A reader writes:
I found the testimonial on serial abortions deeply hypocritical. Here is one woman condemning another woman for having six abortions when she herself has gotten pregnant at least six times, knowing that each fetus had a 66% of miscarriage. Furthermore, she fully expects her daughter to make the same choice — to continue getting pregnant as often as possible in the hopes of eventually having a live baby. I'll stress that I don't think she made the "wrong" choice, but she did make an explicit decision that the conception and subsequent death of four fetuses was worth the births of two babies. How is that somehow more noble than a woman accidentally becoming pregnant and then aborting the fetus? The woman seeking her seventh abortion almost certainly didn't intentionally become pregnant, while the woman suffering her fourth miscarriage did — despite the risks and the knowledge that she might well be creating a child just to let it die. If the question is one of responsible behavior, I'm not certain you can logically decide between these two choices.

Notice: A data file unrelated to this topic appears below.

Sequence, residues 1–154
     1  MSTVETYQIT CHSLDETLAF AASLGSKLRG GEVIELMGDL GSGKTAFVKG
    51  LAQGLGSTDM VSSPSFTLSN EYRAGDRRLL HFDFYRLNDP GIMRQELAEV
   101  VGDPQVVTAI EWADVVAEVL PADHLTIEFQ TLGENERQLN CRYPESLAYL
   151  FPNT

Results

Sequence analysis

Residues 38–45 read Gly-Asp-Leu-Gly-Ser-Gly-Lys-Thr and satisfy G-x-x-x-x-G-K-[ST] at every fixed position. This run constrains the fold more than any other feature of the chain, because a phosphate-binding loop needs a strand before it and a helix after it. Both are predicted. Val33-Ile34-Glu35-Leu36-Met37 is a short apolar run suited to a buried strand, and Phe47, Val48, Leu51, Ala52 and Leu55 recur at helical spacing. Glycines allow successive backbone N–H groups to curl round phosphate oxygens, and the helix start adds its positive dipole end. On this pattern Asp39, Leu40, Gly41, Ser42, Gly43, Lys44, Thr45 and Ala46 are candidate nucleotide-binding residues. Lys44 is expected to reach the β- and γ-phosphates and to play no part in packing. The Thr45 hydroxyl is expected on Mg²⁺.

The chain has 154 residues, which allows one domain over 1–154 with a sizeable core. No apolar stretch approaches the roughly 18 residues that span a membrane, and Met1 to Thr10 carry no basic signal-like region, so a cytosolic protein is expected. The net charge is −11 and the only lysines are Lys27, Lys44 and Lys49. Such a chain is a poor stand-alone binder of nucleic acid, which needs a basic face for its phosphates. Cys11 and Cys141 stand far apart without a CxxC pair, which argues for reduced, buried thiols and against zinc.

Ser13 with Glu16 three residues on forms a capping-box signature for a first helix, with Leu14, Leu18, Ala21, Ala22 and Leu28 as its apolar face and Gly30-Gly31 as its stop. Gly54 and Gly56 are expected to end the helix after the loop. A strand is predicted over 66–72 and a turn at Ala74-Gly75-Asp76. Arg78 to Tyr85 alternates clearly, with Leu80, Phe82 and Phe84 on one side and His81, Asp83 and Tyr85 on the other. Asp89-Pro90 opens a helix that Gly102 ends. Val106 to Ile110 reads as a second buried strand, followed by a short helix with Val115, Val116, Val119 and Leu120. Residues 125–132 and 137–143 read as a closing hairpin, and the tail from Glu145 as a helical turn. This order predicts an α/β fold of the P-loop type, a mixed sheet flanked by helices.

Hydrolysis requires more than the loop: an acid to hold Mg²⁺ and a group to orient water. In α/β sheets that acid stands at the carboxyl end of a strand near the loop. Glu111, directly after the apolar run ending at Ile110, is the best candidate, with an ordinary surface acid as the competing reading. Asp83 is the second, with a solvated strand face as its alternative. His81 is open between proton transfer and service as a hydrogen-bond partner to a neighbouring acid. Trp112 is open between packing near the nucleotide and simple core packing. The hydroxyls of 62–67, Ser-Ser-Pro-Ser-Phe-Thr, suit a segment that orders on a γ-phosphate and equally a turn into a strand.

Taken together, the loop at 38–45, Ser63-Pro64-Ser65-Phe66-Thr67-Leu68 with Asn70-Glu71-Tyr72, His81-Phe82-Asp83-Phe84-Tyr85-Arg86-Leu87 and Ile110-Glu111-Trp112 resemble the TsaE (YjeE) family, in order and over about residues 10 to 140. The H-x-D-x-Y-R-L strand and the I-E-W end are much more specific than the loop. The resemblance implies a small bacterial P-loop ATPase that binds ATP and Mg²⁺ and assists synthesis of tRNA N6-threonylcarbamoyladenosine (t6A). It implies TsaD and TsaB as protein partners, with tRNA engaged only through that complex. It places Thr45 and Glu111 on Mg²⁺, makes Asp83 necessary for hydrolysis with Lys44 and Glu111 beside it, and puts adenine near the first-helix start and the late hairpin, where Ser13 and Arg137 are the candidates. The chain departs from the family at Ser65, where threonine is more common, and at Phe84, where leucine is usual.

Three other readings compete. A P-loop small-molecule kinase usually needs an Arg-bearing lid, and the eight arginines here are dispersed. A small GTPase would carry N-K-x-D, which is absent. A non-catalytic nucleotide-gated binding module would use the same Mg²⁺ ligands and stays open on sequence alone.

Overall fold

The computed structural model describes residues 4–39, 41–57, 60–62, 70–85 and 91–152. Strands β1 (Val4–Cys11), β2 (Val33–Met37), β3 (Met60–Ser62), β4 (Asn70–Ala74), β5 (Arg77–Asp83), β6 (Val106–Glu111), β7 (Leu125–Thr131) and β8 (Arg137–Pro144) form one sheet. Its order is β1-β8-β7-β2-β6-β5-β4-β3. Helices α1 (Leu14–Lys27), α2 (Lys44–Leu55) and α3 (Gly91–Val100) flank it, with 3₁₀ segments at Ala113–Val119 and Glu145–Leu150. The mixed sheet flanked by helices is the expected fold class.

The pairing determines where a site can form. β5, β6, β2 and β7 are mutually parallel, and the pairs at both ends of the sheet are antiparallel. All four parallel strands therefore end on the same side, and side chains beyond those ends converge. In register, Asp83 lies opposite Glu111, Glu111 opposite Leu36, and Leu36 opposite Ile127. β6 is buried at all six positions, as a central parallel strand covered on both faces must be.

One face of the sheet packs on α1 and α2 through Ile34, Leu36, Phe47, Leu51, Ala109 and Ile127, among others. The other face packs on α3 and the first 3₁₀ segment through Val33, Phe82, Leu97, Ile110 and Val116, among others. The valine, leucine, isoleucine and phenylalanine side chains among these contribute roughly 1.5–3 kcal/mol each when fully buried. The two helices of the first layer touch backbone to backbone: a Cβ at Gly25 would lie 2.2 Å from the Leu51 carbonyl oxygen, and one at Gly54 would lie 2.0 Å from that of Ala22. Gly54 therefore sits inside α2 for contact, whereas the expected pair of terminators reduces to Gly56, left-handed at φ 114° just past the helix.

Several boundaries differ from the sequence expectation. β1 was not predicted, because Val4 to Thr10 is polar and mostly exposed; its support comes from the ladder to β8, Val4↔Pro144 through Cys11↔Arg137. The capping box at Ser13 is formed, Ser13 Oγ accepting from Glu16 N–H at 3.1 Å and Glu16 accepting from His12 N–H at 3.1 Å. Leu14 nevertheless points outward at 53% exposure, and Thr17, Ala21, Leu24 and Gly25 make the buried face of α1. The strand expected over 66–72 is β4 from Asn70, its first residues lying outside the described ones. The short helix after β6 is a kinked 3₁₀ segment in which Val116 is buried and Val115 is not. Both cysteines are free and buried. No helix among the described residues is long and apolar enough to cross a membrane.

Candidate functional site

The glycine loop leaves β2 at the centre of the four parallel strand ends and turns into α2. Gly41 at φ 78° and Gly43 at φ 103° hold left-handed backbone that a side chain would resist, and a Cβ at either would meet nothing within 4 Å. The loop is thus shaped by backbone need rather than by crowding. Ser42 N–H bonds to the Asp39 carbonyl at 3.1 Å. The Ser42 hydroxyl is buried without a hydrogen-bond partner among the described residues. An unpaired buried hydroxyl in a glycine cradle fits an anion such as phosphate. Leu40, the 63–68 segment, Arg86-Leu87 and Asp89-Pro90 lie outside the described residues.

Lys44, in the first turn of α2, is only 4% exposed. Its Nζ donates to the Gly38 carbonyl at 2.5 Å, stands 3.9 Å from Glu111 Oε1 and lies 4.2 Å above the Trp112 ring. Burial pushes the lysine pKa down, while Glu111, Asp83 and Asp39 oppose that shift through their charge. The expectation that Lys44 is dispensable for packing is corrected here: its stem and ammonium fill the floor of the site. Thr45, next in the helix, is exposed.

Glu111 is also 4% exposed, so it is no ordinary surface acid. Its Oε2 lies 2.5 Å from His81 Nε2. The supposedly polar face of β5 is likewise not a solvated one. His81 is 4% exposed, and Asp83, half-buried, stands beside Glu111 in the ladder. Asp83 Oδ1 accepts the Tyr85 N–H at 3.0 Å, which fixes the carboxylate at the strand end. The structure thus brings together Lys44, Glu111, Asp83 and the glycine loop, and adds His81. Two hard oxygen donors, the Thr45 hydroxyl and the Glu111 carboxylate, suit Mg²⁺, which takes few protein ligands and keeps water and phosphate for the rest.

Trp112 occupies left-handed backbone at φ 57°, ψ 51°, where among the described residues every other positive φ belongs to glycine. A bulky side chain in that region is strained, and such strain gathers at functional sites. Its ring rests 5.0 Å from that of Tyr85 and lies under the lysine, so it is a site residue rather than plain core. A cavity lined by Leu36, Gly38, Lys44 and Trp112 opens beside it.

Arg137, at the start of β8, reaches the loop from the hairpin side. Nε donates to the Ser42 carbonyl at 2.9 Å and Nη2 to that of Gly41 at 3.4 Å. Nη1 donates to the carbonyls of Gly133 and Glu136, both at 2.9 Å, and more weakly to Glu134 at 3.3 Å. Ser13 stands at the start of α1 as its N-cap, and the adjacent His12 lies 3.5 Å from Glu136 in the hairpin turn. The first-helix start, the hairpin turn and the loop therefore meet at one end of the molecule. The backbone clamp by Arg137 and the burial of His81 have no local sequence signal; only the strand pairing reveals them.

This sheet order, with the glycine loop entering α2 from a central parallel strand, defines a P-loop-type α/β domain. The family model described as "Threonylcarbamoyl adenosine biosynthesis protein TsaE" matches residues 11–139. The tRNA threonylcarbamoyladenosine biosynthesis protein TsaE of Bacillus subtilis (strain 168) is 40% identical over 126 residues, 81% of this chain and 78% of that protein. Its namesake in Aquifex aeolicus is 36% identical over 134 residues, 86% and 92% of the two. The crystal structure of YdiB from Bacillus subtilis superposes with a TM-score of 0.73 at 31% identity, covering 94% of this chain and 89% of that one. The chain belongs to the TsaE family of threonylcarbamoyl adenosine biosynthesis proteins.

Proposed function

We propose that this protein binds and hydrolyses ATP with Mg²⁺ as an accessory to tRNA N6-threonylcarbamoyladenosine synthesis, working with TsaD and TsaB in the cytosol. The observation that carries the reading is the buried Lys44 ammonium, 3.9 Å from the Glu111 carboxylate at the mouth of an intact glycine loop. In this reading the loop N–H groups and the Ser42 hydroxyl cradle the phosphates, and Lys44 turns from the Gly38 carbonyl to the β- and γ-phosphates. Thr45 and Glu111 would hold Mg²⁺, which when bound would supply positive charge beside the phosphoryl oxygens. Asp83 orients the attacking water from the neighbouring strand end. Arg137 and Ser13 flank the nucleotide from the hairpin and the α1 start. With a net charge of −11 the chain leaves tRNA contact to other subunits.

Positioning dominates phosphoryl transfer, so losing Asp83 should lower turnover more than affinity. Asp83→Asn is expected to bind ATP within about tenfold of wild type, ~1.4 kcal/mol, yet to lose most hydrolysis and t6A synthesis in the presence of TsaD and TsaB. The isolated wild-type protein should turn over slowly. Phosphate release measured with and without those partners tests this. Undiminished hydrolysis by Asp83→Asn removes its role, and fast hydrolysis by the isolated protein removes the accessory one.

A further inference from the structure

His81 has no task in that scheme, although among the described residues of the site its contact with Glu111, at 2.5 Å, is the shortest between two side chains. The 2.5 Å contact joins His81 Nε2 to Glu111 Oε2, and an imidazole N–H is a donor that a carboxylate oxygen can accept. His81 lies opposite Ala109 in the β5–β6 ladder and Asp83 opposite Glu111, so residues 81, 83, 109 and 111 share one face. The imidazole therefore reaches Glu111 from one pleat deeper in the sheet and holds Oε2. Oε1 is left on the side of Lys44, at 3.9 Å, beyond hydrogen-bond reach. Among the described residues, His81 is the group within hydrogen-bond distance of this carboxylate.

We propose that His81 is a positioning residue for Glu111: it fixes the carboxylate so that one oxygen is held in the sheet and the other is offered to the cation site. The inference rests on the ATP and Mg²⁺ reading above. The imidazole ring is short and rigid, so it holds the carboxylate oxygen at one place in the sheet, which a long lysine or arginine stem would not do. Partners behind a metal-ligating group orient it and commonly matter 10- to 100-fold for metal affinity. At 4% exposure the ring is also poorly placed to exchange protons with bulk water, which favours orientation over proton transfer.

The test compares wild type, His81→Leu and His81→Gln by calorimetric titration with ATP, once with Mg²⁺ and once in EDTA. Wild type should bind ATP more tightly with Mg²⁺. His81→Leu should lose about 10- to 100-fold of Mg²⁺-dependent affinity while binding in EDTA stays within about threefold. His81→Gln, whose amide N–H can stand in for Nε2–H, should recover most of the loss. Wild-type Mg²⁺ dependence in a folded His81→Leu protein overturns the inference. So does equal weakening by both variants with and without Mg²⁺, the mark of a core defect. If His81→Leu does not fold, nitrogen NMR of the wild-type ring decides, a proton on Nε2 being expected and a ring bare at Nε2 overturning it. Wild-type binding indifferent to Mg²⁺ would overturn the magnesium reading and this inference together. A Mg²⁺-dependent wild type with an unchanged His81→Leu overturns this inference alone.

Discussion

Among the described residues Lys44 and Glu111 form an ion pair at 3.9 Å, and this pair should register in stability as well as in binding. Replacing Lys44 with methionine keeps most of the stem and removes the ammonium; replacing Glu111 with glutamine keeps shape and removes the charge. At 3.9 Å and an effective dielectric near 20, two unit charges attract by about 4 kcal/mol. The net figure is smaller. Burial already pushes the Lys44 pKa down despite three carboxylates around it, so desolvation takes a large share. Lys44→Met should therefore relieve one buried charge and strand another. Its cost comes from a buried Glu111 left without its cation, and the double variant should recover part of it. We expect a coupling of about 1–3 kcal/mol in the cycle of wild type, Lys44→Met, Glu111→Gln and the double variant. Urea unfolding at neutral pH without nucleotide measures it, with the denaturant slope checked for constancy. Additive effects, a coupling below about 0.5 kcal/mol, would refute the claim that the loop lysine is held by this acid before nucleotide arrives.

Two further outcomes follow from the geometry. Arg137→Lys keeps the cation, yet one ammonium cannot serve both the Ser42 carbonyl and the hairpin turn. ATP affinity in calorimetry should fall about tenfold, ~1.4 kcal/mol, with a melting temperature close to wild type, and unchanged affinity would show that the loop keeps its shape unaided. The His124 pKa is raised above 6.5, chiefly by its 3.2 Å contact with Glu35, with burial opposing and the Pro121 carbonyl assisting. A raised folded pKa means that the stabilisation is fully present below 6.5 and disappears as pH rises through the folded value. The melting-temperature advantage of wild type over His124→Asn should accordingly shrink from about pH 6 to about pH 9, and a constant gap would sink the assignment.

But reproductive choice isn't about responsibility. It's fundamental to human liberty exactly because the stakes are so high, so personal, so deeply felt and so resistant to philosophical, legal and moral theorizing. Every person has a right to decide for herself when to become pregnant, why to become pregnant and what to do after becoming pregnant. But casting judgment on the "irresponsible" behavior of others while turning a blind eye to the moral complications of one's own position is hardly laudable, or even useful in the abortion discussion.